Do Rattlesnakes Hibernate?
With lifespans lasting upwards of twenty years, rattlesnakes quickly learn how to survive in the cold. This can be difficult because their cold-blooded bodies keep them at the same temperature as their surroundings. Rattlesnakes do not hibernate during winter. However, they become much less active while in a state known as brumation.
Survival of the Fittest
During brumation, rattlesnakes lower their metabolic rates by nearly 70 percent, allowing them to live for months with little or no food. On warmer days, a rattlesnake in winter will bask in the open and soak up as much sun as possible. It will also hunt for small rodents that may serve as a much-needed meal.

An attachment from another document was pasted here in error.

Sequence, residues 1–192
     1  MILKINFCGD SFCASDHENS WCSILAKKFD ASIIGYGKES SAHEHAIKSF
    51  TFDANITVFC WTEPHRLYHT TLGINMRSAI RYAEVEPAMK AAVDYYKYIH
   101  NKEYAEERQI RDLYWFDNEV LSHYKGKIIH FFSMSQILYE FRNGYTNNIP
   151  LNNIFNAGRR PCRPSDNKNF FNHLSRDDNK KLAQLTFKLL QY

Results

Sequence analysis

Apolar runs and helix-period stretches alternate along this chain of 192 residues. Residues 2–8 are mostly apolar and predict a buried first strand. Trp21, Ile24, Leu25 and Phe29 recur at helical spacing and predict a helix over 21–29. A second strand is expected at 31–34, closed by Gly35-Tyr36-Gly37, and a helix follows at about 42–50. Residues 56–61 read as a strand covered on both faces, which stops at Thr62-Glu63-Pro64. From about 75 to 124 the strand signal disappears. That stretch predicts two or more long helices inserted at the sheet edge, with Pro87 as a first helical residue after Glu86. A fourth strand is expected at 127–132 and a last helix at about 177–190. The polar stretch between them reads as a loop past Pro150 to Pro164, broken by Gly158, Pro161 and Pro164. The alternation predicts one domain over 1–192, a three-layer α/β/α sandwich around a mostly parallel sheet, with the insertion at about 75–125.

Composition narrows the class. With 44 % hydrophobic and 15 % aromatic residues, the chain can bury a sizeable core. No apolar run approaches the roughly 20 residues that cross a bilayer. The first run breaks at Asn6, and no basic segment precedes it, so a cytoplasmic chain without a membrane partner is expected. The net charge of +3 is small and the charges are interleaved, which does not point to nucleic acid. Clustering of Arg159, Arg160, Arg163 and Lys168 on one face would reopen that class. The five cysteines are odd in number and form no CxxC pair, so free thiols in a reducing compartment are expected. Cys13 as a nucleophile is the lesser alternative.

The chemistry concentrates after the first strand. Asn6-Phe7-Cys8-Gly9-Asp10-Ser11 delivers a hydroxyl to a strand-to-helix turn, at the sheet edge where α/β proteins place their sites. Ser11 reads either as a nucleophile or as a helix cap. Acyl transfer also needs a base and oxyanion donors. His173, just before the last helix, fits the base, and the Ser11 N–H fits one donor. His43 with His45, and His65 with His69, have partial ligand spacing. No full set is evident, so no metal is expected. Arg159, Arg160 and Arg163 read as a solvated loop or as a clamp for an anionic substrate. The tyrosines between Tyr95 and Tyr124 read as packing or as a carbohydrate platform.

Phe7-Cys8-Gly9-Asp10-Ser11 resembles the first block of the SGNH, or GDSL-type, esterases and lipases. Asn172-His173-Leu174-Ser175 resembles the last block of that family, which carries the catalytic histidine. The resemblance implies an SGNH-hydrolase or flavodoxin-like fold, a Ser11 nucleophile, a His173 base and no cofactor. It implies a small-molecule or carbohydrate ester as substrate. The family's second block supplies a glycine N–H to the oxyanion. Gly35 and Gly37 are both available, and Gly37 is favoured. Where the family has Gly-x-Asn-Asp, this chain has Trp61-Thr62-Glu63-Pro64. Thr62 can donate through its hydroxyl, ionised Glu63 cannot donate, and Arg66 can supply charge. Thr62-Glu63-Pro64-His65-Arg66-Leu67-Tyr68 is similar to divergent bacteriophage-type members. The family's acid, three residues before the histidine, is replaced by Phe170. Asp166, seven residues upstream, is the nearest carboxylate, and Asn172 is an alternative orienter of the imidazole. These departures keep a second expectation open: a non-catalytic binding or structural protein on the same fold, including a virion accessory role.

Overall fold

Where Do Rattlesnakes Hibernate?
In warm weather, the pests hide near homes among rocks and thick brush. When temperatures drop, rattlesnakes avoid sub-zero conditions and find safe havens below the ground.
Rattlesnakes in the winter take refuge in animal dens and may curl up under a porch or shed to find warmth. The pests return to the same denning sites year after year, which can create conflicts with humans or other animals in the area.
A female rattlesnake reproduces every two or three years and has about 24 babies in each litter. Because of their birth rate and denning instincts, rattlesnakes around the home can become an urgent issue. Also, rattlesnakes on your property or in your house can be a sign of a rodent infestation. Concerned property owners should contact Critter Control for expert rattlesnake removal and rodent control.